Striking a Balance

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Striking a Balance

Rahul Iyer

Crowds of cheerleaders trickle into the auditorium where they will perform their routines before a panel of judges. The teams are immersed in anxious discussions, roaring laughter and boisterous small talk. In one corner of the room, however, the MVHS cheer team remains quiet. A few of the girls have textbooks in hand, diligently flipping through the pages as the team patiently awaits its turn to compete, as junior Emily Leung recalls of the 2015 National Cheerleading Competition.

There is a pervasive stereotype that cheer members are less intelligent than their peers.

The MVHS cheer team, however, tries to dispel that.

Cheerleaders balance on their stools during the Homecoming football game on Oct.  17.

Cheerleaders balance on their stools during the Homecoming football game on Oct. 17.

Due to the demanding schedule, cheer members must manage their time and often seek homework help from older teammates.

Due to the demanding schedule, cheer members must manage their time and often seek homework help from older teammates.

“Cheerleaders are portrayed as dumb and ditzy in the media. Some people don’t even consider cheerleading a sport,” spirit coach Brittany Carey said. “But did you know that it takes just as many hours and skills as a sports athlete to be a cheerleader?”

According to Carey, not only does the team practice four to six hours per week preparing for its cheer routines during football and basketball seasons, but it is also putting in extra efforts to refine its gymnastics, dance and core body stunting skills.

Leung has long noticed the discrepancies between the behaviors of MVHS cheerleaders and those from other schools.

“At competitions, we always bring our textbooks to study. It’s just [MVHS] that does that,” Leung said. “Other girls would be dancing and talking really loudly, but for us, while we’re waiting, we study and read.”

For sophomore Smita Iyer, adhering to the expectations helps her reinforce the positive aspects of cheer and dispel the negative stereotypes.

“By keeping up with these high standards, sometimes people will see us differently and not as the stereotypes,” Iyer said. “We work really hard, and we try really hard.”

In order to incentivize good academic performance, Carey created a system to award scholastically successful cheer members for their accomplishments. According to Leung, Carey commonly rewards people who can maintain a 4.0 GPA with prizes such as Jamba Juice or Victoria’s Secret gift cards.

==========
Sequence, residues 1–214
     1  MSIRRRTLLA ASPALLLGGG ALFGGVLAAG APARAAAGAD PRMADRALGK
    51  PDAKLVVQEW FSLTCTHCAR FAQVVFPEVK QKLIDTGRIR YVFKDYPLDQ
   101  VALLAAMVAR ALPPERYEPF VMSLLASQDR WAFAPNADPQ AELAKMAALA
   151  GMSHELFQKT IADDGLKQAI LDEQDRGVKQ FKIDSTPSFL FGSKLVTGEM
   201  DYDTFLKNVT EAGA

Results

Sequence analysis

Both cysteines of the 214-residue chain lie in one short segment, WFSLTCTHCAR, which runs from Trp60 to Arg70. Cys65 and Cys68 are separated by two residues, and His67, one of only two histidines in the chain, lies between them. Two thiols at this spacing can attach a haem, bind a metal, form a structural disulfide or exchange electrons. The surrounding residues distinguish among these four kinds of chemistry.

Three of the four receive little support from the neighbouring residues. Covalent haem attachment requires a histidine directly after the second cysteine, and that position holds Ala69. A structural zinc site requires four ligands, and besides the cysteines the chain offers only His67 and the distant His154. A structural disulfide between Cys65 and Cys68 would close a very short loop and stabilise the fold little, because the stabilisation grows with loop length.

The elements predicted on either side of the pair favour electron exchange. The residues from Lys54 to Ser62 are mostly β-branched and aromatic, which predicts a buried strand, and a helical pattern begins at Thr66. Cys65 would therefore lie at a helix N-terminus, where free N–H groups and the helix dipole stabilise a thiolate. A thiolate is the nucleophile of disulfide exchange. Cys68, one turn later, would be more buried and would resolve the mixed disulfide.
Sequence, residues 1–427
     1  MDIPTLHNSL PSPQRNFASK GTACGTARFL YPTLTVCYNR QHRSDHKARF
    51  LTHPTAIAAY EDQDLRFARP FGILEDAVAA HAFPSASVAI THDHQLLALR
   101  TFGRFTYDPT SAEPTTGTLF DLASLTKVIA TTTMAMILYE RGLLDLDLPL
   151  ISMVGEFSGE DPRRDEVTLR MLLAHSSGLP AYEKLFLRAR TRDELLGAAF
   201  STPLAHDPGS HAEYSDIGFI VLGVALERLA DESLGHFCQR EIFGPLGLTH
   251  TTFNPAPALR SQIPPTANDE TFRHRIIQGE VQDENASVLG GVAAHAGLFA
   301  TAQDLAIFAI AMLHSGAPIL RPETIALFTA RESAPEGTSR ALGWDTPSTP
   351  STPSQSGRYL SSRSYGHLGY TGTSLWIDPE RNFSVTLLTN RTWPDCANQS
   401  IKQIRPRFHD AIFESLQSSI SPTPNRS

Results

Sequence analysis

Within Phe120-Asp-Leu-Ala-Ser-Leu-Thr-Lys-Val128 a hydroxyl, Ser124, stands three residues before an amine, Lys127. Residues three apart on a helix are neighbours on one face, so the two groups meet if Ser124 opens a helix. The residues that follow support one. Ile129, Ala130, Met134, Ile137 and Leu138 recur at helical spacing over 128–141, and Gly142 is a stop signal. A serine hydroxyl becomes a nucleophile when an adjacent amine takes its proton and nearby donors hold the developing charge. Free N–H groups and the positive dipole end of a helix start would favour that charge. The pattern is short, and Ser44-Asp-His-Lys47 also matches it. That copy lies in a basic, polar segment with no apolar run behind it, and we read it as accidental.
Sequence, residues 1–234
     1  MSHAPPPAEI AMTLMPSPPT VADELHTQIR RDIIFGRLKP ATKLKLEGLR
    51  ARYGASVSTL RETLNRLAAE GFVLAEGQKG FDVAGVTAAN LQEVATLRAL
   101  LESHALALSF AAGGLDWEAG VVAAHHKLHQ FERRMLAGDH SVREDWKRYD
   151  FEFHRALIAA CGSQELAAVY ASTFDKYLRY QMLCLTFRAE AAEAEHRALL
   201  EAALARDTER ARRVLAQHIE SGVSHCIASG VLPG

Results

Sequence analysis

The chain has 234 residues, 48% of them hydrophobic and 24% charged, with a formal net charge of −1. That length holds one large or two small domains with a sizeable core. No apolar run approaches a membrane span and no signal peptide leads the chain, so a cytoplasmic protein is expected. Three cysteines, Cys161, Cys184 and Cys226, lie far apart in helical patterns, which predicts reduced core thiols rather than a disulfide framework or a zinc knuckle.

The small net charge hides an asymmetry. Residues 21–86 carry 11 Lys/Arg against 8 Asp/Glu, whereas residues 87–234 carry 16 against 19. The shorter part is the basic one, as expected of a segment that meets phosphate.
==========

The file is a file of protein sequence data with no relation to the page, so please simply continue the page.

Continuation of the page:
In addition to the award system, Carey has pushed members of the cheer team to succeed academically in other ways. By supporting team members and creating a positive environment, she has continuously emphasized academics as a key part of cheer team.

Every athlete signs the FUHSD contract before the season, which mandates that athletes maintain a minimum GPA in order to compete. According to Leung, however, her coach expects more from the team than maintaining good grades. Carey usually marks each grading period on the Cheer calendars, so the students can ensure that they are staying on track and remaining organized with their schedules.

“The other team members help you and encourage you to do better because you see them doing really well and you want to be as good as them,” Iyer said.

As a result of the emphasis on academics on the cheer team, several members have helped one another in their classes, through encouragement and tutoring. This has fostered a positive environment in which girls lean on each other for support.

“There are a lot of girls that get 4.0s and do really well in school, and they’ll actually help us,” Leung said.

Leung found herself in that situation as a freshmen in Biology. When she struggled to grasp the more difficult concepts and comprehend the technical terminologies, Leung turned to her older teammates for help. Carey emphasizes academic performance for team leaders, who the rest of the team looks up to.

“In order to be a captain, [Carey] does look at your grades,” Leung said. “She counts them for everything. For example, if you want to be a leader, you need the grades, so you can be a role model.”

Cheer captains seniors Kelsey Hsing and Mane Mikayelan talk to coach Brittany Carey before tryouts on April 1. When deciding leadership positions, Carey heavily emphasizes academic performance.

Cheer captains seniors Kelsey Hsing and Mane Mikayelan talk to coach Brittany Carey before tryouts on April 1. When deciding leadership positions, Carey heavily emphasizes academic performance.

Carey believes that her strict requirements for her cheer students enforces team etiquette and helps dispel the stigmas that continue to prevail in modern culture. In a sense, these more rigorous standards force team members to make hard decisions on responsibilities to the team versus other commitments.

“All of the skills learned and practiced take teamwork and timing,” Carey said. “Spirit members are role models that are constantly leading the crowd, encouraging people to cheer on our team.”